Book Review: Acts of Forgiveness

I was excited to be tapped to review Ted Karpf’s new book, Acts of Forgiveness, as the offer came right as I was searching for non-majority voices in Christianity.  An Episcopalian priest and a gay man, Karpf was on the front lines of the HIV/AIDS epidemic both in the States and South Africa, providing compassionate pastoral care at a time when people were gripped by fear.  This memoir documents that time and more: following the author’s journey to acceptance and forgiveness.

What I find so compelling about this book is that Karpf does not shy away from showing us his uphill climb – truly, his ongoing struggle – with acceptance and forgiveness.  Karpf has lost what he thought would be his retirement home, was unceremoniously removed from a fulfilling and influential position in the church, and been left by his long-time partner, among other losses. Some of these are more recent and some not so, but it is evident that Karpf still acutely feels the hurt that each loss brought.  Yet through prayer, therapy, and wise mentorship, Karpf has found ways to accept and forgive.  It makes for some honest, if sometimes uncomfortable, reading.

If forgiveness is something you struggle with (don’t we all?), then I particularly recommend chapter two, appropriately titled “Forgiveness and Loving.” When asking Archbishop Desmond Tutu’s advice on how to pray for his ex, the archbishop’s response was “until you love him.”  Karpf tells us:

I was again flummoxed and frustrated. I had no inclination to pray for him; I wanted him to disappear.  So that prayer took nearly a decade to pray as well, during which I often had to ask myself, “Is there anyone or anything unforgivable?”  I must respond, if I am to remain faithful to scripture, my faith, and experience, “Probably not. No, nothing and no one is beyond forgiveness, but learning to accept that fact, and gain the stamina and will it takes to do it, may take a lifetime.”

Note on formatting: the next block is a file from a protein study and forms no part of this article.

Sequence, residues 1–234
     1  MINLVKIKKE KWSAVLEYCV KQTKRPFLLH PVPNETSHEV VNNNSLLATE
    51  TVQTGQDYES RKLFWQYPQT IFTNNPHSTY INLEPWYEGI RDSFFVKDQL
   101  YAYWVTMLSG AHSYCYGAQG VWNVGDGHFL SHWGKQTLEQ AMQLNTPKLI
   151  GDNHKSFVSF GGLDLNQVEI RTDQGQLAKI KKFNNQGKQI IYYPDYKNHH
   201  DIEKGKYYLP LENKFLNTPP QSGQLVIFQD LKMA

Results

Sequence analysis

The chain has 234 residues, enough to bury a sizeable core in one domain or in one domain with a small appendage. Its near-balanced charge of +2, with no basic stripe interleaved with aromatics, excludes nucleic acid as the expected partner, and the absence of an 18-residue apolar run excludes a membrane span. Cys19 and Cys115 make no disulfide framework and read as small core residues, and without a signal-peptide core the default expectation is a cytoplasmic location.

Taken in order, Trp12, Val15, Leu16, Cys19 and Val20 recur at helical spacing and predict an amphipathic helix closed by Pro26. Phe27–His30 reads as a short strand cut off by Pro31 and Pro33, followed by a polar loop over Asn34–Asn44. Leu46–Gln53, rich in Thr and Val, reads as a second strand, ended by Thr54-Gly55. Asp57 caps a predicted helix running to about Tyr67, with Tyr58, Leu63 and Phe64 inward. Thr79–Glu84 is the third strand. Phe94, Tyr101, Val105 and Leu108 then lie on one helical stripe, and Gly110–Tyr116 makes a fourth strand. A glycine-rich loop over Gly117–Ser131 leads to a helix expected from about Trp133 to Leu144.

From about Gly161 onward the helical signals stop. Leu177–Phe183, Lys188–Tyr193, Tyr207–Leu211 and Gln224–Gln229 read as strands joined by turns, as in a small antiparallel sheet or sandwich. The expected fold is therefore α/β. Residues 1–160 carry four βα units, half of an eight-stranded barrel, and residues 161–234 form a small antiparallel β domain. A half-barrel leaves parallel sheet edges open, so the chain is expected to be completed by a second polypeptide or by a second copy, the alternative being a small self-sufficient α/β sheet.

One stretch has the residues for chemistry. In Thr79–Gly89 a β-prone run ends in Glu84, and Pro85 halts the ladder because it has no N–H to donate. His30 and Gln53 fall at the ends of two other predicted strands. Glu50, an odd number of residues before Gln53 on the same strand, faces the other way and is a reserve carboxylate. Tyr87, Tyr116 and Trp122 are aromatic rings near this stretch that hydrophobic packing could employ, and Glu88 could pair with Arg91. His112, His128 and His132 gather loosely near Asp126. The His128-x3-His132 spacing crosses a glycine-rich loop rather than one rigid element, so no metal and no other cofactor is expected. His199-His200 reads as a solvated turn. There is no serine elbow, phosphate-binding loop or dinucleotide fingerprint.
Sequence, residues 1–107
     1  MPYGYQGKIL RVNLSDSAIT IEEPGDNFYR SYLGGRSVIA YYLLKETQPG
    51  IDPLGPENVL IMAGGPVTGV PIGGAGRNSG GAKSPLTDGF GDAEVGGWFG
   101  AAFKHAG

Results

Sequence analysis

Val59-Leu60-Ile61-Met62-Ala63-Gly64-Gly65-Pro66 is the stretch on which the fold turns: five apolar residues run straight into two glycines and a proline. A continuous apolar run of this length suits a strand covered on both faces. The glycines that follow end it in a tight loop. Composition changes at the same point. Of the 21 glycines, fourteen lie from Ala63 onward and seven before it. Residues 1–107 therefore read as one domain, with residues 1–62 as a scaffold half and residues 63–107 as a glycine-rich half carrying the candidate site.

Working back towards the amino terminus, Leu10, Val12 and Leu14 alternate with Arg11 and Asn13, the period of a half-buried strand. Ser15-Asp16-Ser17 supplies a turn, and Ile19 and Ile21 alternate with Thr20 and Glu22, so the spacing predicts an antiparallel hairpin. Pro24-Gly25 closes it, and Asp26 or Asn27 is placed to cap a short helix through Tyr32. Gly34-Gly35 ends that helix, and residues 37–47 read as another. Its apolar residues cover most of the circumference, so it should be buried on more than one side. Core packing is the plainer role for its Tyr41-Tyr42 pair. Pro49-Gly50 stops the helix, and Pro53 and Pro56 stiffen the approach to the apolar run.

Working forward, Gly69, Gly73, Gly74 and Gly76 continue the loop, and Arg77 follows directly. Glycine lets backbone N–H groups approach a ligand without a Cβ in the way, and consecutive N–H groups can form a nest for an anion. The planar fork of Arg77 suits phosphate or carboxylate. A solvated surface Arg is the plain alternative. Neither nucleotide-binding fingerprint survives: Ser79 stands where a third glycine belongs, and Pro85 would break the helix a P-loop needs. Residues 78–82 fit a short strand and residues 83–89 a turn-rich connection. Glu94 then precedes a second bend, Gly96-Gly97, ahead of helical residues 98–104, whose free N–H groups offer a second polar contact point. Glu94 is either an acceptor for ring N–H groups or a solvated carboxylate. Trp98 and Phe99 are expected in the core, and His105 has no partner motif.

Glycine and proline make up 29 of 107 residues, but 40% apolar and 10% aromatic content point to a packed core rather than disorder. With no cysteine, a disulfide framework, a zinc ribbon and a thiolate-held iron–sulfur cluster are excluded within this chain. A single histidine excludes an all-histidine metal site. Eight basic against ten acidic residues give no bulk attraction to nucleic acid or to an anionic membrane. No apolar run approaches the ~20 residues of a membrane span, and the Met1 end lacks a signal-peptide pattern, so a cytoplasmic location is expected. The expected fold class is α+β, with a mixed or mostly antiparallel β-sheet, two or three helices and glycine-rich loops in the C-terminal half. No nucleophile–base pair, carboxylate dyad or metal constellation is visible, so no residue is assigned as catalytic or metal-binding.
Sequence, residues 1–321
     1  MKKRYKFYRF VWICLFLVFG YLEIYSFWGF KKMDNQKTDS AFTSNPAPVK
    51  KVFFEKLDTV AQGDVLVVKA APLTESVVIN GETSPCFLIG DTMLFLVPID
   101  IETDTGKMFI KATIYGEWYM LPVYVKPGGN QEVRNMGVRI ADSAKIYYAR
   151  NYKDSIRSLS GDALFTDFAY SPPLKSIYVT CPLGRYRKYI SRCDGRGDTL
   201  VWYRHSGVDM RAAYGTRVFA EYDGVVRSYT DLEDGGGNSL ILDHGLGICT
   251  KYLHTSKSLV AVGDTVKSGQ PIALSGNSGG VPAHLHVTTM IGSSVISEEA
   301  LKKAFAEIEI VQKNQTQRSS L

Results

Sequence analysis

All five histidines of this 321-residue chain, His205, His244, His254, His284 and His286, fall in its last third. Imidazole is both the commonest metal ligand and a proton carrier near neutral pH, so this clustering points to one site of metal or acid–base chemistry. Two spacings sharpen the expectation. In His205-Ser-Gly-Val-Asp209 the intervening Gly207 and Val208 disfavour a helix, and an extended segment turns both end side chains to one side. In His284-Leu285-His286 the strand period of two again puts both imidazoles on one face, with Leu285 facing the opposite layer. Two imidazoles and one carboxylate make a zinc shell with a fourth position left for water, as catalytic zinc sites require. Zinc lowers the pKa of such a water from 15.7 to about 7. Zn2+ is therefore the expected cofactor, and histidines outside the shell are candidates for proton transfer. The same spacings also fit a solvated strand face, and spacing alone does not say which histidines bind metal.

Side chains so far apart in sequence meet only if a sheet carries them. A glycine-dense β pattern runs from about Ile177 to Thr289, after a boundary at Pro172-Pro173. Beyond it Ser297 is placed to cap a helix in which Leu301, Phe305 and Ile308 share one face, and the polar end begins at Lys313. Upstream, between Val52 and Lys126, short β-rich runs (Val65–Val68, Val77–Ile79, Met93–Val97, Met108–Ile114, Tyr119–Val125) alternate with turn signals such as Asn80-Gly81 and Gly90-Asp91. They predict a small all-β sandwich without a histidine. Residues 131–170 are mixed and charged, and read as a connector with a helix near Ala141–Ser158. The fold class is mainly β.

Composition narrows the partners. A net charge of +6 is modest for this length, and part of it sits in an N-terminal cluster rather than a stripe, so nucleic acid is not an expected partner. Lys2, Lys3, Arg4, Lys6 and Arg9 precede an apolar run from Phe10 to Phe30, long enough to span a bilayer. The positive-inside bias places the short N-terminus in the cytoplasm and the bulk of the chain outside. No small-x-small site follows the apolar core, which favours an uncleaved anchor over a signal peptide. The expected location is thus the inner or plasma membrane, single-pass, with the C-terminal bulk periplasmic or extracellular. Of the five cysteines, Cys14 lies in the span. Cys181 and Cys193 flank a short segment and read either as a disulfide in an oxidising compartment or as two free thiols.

Later in the chapter, Karpf reveals the cyclical and spiraling nature of forgiveness, a message received with his natal chart reading.  “You must learn to forgive your mother,” Dr. Chakrapani Ullal told him, “She needs your forgiveness in order to complete her karmic journey. This is not for your sake, but for hers. You must be the father she never knew.”  In so doing, it seems that Karpf found healing some modicum of healing himself, as well.

Being a father of two, parenting is interwoven throughout Karpf’s story.  Being a priest and advocate during the early days of the AIDS epidemic, death is as well.  But the two exist poignantly, sometimes heartbreakingly so, together in the later chapters.  His daughter’s suicide attempt, and the generously re-printed correspondence between Karpf and a young couple experiencing the loss of their daughter, cemented him in my mind as someone I would want to counsel me both through parenting and through dying.  “As I sit here contemplating my own death, which is really never far away,” Karpf tells us, “I can only report that the stripping away of controls or supposed controls leaves me emotionally and spiritually incapacitated at the front end, though it can become revitalizing and renewing at the far end.”  Perhaps he has already come out the far end of those contemplations, because I found comfort in his ability to delight in his children (even if they didn’t turn out the way he thought they would), and his gentle questioning surrounding death.

“Life comes at me at times with frightening speed and minimal understanding,” writes Karpf in the closing pages of his memoir.  Isn’t that true for all of us?  And yet here is Karpf, admitting his failures while gaining perspective. Allowing for forgiveness of himself and working on forgiving others.  Reminding us that forgiveness and love are a journey, and that, however hard those roads may be, we are not alone when we choose to follow them.

You can find Acts of Forgiveness for purchase at the link, but there are also several upcoming opportunities to win a copy: 

Also, the author will be “stopping by” the blog later today, so if you have any comments or questions for him, be sure to leave them in the comments section yourself!

3 Comments

  1. Thank you for your careful read. You nailed it perfectly, the struggle continues. I insisted on open honesty from myself throughout the writing process. It seemed that it might be helpful to others to just open it up to full scrutiny in order to move the story and me forward. Years of work at discovering self and owning a dark history as my heart and voice have been liberated to tell the truth.

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